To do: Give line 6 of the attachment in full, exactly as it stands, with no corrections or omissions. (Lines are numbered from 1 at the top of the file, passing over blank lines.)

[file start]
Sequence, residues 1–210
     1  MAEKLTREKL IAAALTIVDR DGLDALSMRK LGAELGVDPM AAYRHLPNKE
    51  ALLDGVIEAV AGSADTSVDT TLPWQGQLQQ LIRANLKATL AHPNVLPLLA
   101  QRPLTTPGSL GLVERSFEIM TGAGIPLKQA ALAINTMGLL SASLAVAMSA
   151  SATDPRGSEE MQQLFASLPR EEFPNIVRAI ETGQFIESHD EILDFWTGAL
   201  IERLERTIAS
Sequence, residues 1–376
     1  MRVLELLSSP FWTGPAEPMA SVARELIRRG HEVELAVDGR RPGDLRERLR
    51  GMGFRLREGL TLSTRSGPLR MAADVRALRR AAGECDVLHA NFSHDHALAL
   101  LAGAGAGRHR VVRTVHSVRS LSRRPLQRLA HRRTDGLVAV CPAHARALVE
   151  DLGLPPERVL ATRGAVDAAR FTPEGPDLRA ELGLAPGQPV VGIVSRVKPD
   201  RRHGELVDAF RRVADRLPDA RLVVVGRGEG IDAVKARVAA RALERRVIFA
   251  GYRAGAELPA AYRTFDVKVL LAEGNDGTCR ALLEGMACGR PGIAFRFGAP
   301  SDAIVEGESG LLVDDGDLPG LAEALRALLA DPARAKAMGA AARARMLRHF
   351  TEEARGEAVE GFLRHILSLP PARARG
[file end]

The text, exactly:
   201  IERLERTIAS